There will be a Public safety meeting tonight at the Korean American Center 745 Buchanan St at 7:00 PM.
You are joyfully invited to attend Mayor London N. Breed’s Children’s Toy & Book Festival in partnership with San Francisco Fire Fighter Union Local 798 at City Hall from 9 am – 12 pm.
We invite children ages 12 and under accompanied by an adult or organization to attend. Please email your completed registration form to DCSSTOYFESTIVAL@SFGOV.ORG.
For more information, contact us at 415-356-2959
*Note Please RSVP before November 8th.
Today Waldo E. Martin, Jr will be giving a lecture on African American Freedom Struggles and the Making of the Modern World.
Twentieth-Century African American Freedom Struggles transformed both the US and World History. These seminal liberation struggles include the important yet relatively unknown series of early twentieth-century southern African American streetcar boycotts as well as the iconic Civil Rights-Black Power Insurgency (1935-75).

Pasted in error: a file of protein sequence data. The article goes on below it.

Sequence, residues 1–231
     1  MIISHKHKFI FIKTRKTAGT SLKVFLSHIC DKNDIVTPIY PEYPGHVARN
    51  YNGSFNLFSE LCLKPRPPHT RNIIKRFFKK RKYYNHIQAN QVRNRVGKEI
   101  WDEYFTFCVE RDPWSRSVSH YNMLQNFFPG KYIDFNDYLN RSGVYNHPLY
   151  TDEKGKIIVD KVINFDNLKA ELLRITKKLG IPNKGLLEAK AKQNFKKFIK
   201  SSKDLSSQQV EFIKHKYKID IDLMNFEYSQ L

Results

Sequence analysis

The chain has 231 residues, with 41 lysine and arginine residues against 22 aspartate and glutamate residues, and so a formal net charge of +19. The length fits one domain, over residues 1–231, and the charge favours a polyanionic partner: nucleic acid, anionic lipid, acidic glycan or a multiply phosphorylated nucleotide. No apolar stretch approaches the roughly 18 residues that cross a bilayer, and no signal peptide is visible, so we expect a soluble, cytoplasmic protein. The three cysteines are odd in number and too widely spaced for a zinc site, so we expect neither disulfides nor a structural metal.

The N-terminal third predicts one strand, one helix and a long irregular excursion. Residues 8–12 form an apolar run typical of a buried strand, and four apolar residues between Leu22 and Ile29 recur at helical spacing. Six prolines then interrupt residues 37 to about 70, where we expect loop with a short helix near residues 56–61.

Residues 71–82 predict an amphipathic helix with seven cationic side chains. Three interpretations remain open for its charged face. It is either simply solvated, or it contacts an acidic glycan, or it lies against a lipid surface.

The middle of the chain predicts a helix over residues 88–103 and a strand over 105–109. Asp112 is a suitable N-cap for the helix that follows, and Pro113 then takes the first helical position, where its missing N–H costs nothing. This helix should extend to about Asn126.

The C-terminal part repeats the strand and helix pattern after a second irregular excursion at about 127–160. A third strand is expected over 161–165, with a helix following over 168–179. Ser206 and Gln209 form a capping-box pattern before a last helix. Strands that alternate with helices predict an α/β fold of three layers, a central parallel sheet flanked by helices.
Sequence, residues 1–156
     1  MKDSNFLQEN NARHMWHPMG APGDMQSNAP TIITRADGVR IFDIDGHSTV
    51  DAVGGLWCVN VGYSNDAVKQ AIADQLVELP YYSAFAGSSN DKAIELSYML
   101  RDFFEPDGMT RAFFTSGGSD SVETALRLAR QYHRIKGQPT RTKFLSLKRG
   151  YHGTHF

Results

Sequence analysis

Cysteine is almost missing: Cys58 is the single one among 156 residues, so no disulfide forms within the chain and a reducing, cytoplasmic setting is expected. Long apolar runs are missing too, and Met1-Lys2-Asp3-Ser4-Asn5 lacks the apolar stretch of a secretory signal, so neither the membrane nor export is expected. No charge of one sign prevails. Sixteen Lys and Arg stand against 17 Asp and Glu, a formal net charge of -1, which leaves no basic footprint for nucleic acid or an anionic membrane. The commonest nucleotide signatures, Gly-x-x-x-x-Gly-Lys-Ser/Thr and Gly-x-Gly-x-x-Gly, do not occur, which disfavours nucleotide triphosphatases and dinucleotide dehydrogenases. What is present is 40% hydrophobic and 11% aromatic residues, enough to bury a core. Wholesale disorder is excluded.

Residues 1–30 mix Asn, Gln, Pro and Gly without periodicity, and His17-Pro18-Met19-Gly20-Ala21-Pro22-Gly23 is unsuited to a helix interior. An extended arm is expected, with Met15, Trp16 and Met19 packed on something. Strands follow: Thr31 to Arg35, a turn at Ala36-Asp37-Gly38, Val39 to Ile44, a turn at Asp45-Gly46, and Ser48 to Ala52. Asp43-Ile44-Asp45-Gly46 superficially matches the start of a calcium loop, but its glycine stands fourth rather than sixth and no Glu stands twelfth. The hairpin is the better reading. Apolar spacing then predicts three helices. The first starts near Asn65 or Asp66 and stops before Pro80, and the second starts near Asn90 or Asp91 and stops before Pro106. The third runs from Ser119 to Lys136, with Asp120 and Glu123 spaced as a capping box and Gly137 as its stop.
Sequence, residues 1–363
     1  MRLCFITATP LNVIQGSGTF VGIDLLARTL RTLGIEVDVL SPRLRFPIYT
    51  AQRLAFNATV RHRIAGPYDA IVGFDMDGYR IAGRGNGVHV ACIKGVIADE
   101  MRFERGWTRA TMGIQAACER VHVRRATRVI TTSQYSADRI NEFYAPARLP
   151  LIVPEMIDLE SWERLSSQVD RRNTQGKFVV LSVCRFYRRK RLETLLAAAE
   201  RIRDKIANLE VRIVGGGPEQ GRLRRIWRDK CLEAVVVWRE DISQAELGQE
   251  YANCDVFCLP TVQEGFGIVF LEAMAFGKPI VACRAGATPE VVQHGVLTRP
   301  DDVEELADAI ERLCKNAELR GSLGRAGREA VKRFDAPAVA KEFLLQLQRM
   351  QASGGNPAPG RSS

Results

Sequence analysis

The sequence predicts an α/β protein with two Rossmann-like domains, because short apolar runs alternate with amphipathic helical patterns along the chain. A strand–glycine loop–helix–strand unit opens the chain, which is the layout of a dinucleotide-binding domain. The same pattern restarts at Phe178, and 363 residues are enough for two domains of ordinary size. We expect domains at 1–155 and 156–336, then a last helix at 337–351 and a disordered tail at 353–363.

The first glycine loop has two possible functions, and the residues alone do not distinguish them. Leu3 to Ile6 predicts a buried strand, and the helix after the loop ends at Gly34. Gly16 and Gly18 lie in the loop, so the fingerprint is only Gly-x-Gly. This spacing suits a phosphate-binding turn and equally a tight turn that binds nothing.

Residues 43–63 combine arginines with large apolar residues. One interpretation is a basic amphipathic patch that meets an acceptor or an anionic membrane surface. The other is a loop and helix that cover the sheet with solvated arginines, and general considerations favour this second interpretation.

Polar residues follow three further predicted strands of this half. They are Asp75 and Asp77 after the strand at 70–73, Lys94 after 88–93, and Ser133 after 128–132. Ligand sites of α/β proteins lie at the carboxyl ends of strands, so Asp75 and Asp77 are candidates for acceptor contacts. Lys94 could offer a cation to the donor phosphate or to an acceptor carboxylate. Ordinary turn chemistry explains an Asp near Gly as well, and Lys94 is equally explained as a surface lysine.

For more information about this lecture, you can click here.
This lecture is open to the public and if you missed the live lecture you can download it on their site.
Join us this evening starting from 3:30 – 6 PM for our annual Haunted House. There will be costumes, candy, fun activities, food, and of course our Haunted House Muwahahaha!!!. So drop on by and have a scare.
Fillmore Merchants & Neighborhood Collaborative is inviting you to join them for their 1st Annual Halloween Treat Walk.
Kids could enjoy a fun, safe Halloween with community treating (or Tricking)! Collect sweet treats at participating stores and form community volunteers on Fillmore between Geary and McAllister.
Time will be from 1:30 PM – 3:30 PM
If you have any question please contact Darien Caine by email email@example.com or by phone 415-244-1340.
Today Judith Carney will be having a lecture on Africa’s Food Legacy in the Atlantic World. A striking feature of plantation-era history is the number of first-person accounts that credit the enslaved with the introduction of specific foods, all previously grown in Africa. This lecture lends support to these observations by identifying the crops that European witnesses attributed to slave agency and by engaging the ways that African subsistence staples arrived, and became established, in the Americas.
For more information please click here.
If you missed this lecture you can download it on their site.